Oppo Reno 7 Pro Review: Looking Good

Updated: Jan 14

The Oppo Reno 7 Pro is one in-trend phone because of its flat and sharp design… that Apple might approve. This under S$1,000 phone just works.

The Oppo Reno 7 Pro's design is refreshing, unless you are from the Apple camp. This phone goes with a flat and sharp design which provides a good grip, feels light and looks sleek. It is protected by a matte aluminium frame with a brushed metal finish on the back. The brushed metal finish does make it less of a fingerprint magnet and less prone to visible scratches, but somehow the combination of this new laser-etched design and Startrail's blue colour - a gradual shade of blues and purples - does make it look a bit tacky and less premium.


We haven’t really seen the Starlight Black colour first-hand but it looks so much sleeker in the picture. The reflective camera housing does stand out, and probably stands out a little too much from the overall sleekness. We definitely would have preferred the more subtle and streamlined design of the Find X when it comes to housing the cameras.

The Oppo Reno 7 Pro comes with an AMOLED, 402 pixels per inch (PPI), 90Hz refresh rate screen. In most cases, it is bright and sharp enough. That said, this phone is facing some fierce competition in the under S$1,000 category. Some brands under this category are either offering higher PPI or higher refresh rate screens, which is not a deal-breaker as most of us will probably not be able to tell the difference unless you compare it side by side.


One thing that did bother us a little is the management of auto-brightness, which we found we often needed to manually adjust the screen to higher brightness when in a bright environment. On the upside, we are liking the new lock screen on the new ColorOS 12. The new lock screen allows the use of Oppo’s own customisable animated emoji called the Omoji. It does add some personality to the phone when it's locked - in a cute way.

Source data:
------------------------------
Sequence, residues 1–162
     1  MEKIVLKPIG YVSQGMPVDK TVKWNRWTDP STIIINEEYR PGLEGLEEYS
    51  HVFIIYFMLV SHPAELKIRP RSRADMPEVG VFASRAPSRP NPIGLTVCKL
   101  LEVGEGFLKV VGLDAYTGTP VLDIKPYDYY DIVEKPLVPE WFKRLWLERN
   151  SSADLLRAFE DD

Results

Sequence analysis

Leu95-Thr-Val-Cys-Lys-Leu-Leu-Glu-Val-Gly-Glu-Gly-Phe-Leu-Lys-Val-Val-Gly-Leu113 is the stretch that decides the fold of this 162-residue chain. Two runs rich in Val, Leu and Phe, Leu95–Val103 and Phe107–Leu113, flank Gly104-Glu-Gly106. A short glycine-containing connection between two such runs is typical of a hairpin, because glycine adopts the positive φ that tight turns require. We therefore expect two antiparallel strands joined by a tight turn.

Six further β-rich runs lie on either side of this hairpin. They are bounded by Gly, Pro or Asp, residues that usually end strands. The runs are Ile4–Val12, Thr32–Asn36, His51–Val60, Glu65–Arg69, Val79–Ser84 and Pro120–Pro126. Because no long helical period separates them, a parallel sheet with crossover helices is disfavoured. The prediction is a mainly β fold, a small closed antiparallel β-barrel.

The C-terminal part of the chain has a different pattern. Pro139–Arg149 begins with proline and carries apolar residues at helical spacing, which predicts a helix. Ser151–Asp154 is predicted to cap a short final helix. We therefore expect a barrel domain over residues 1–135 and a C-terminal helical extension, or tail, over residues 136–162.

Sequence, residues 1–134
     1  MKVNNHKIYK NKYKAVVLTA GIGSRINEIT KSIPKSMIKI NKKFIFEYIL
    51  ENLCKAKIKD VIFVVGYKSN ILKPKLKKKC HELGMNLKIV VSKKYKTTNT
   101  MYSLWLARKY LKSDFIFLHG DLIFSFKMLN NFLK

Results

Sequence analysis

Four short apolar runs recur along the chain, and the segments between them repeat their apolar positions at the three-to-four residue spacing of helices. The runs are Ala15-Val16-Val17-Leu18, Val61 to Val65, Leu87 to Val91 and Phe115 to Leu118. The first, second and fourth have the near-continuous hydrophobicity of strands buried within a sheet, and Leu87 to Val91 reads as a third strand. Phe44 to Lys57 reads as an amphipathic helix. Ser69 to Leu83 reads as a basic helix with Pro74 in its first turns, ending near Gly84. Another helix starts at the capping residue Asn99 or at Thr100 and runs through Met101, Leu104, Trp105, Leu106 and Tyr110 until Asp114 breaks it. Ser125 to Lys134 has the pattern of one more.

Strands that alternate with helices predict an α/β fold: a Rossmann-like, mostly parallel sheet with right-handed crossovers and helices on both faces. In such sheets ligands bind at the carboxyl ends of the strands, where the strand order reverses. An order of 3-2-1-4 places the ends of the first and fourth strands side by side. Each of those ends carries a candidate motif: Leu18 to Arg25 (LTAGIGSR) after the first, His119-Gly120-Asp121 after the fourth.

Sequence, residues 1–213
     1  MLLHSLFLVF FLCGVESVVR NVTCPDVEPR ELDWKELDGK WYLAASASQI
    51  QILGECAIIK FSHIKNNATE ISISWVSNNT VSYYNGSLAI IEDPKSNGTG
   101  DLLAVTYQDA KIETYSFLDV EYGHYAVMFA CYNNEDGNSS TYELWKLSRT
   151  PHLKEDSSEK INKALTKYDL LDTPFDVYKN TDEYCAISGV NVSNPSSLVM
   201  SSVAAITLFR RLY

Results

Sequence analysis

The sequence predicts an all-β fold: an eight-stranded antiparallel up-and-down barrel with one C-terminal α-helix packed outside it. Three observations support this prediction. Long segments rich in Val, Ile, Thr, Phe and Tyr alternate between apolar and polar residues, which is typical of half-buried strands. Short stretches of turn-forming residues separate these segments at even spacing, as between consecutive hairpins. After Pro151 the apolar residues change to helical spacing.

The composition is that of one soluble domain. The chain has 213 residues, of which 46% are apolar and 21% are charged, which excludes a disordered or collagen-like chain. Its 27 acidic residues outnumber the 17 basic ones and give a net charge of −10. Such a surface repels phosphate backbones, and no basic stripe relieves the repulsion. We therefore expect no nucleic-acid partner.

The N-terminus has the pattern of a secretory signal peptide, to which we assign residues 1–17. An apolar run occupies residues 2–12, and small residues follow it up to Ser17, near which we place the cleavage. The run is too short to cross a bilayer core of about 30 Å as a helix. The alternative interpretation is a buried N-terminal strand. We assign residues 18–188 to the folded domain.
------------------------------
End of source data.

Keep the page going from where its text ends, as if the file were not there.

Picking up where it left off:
The phone comes with an on-screen optical sensor which works well. It also uses a colour spectrum sensor which is more commonly found on Huawei phones and was launched initially on the LG phone. We are not sure how it contributes to the way it processes its photos but the colours shot on it do look pretty accurate. We will speak more about the cameras in a bit.

The Oppo Reno 7 Pro runs on a very powerful MediaTek Dimensity 1200 Octa-core processor. It has a very powerful 3.0Ghz core and a combination of 2.6 and 2Ghz cores. On paper, it should have outperformed the premium Snapdragon 888 but unfortunately on the benchmark tests, it did not. Our Geekbench score gives us 796 on Single-core and 2761 on Multi-core. The scores are more comparable to that of Pixel’s Tensor and the Snapdragon 865, which is found on Samsung’s Galaxy S20 Ultra and Sony Xperia 5 II.


That could be because the Snapdragon is built on a 5nm process while MediaTek is still on 6nm. Another reason could also be because most tests are optimised for Snapdragon as it is a more common processor. Our graphics test also came out unfavourable to the ARM G77 GPU found in the Reno 7 Pro. It gets a score of 4,159 which loses out slightly to Oppo’s own Find X3 and the Poco F3.


But numbers are just numbers. We tested out the phone with games like Asphalt 9 and Call of Duty Mobile, maxing out its graphics quality and to our surprise, it performs pretty well without any hiccups.